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  • Scratch
    January 1, 1970
    This is the second short story in the last two months I have read about a talented prisoner being held in a 20th century Russian camp. Both stories successfully creep me out, making me feel all at once frightened and disturbed. I could not stand to live in the USSR. The cold, the hunger, the constant fear? Dealing with captors who are too stupid and drunk to question the morality of their actions? I'm terrified.Aaaand that might be exactly what Garth Nix was going for, to make the prospect of This is the second short story in the last two months I have read about a talented prisoner being held in a 20th century Russian camp. Both stories successfully creep me out, making me feel all at once frightened and disturbed. I could not stand to live in the USSR. The cold, the hunger, the constant fear? Dealing with captors who are too stupid and drunk to question the morality of their actions? I'm terrified.Aaaand that might be exactly what Garth Nix was going for, to make the prospect of escape so appealing.Still, definitely not my favorite Garth Nix work. I prefer the Abhorsen series.
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  • Emma
    January 1, 1970
    Dislocation Space had me hooked from the get go.The Soviet setting was highly interesting as something I don't usually read much about and Aleksandra's character was written beautifully. I found myself constantly rooting for her and loved how mysterious she was.The sci-fi aspect to Dislocation Space was also fantastic and for me very original!I would love to read more about Aleksandra's past and am looking forward to reading more from Garth Nix.5 stars.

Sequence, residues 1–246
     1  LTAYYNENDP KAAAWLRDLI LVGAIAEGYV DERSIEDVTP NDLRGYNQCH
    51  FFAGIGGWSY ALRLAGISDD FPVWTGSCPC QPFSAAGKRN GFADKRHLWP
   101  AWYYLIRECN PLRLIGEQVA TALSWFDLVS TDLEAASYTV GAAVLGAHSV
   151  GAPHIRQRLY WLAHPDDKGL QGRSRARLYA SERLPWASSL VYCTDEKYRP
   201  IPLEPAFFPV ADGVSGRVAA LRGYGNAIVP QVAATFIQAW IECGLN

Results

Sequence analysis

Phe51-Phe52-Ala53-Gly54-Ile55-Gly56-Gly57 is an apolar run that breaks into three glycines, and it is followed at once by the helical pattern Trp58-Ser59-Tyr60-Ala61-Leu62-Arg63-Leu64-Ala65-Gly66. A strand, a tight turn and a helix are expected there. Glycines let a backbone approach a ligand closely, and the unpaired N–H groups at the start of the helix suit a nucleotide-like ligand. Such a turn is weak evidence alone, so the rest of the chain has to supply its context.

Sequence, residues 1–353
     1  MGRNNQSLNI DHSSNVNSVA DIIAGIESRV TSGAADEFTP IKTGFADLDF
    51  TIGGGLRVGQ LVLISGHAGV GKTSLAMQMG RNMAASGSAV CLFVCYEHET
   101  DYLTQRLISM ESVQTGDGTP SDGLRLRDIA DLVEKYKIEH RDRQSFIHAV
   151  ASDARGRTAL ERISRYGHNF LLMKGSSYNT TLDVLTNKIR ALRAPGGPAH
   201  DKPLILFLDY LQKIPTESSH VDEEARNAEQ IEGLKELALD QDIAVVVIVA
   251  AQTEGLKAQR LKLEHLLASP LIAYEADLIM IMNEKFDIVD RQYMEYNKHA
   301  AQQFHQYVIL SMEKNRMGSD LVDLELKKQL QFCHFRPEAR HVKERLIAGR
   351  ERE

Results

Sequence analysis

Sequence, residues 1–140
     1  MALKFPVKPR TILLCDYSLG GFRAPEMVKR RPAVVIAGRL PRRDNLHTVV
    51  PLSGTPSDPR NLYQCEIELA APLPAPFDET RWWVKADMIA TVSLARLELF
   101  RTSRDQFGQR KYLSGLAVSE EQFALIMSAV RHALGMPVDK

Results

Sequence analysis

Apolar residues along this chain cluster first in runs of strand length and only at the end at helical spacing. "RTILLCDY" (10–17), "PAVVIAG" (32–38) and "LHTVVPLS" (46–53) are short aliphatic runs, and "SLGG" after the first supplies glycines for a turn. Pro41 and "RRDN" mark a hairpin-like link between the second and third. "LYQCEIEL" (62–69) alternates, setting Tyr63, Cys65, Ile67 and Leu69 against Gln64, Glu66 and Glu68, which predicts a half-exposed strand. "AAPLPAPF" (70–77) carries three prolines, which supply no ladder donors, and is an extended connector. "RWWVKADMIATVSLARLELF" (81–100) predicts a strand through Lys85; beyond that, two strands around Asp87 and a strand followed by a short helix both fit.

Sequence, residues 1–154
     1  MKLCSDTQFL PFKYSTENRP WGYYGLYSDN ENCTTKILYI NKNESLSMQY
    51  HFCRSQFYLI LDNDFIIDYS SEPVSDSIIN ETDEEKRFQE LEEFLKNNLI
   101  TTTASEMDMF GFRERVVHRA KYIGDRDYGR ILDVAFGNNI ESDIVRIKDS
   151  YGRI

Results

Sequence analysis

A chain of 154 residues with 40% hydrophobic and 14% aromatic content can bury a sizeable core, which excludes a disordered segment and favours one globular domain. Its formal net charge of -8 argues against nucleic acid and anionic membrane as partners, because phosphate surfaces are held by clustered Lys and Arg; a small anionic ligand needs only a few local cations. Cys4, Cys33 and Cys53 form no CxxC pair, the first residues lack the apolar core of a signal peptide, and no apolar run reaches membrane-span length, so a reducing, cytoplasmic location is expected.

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  • Harry
    January 1, 1970
    A tight and well written novella. Pacing was well done also. An enjoyable read. Full Disclosure: Nix will always have a special place in my heart as Sabriel was the first book I ever owned.
  • Kate
    January 1, 1970
    I liked the Soviet feel of it, but the ending felt like it dropped you into nowhere.
  • Barbara
    January 1, 1970
    A very interesting and engaging short story, I was rooting for Aleksandra to somehow come out of the hell that was her existence into something better, but what a surprise the ending was. I loved it.
  • Sarah
    January 1, 1970
    Strange and beautiful
  • Ambre Golden
    January 1, 1970
    I very much enjoyed this story. I found the Soviet-era setting quite interesting and I liked how it was depicted (I'm no expert of that time period though, so I couldn't judge how accurate it was, but that wasn't exactly the point anyway). I like the way the main character was introduced and how we learn who she is and how she acquired her unique skills. I loved the task that Aleksandra was set (and the object it relates to), and Aleksandra's very human and relatable thoughts and conflicts I very much enjoyed this story. I found the Soviet-era setting quite interesting and I liked how it was depicted (I'm no expert of that time period though, so I couldn't judge how accurate it was, but that wasn't exactly the point anyway). I like the way the main character was introduced and how we learn who she is and how she acquired her unique skills. I loved the task that Aleksandra was set (and the object it relates to), and Aleksandra's very human and relatable thoughts and conflicts through this unusual experience.I rarely say this about anything shorter than a novel, but I will definitely enjoy re-reading this. Highly recommended.4 stars
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  • Dan
    January 1, 1970
    Engaging enough, but not much payoff.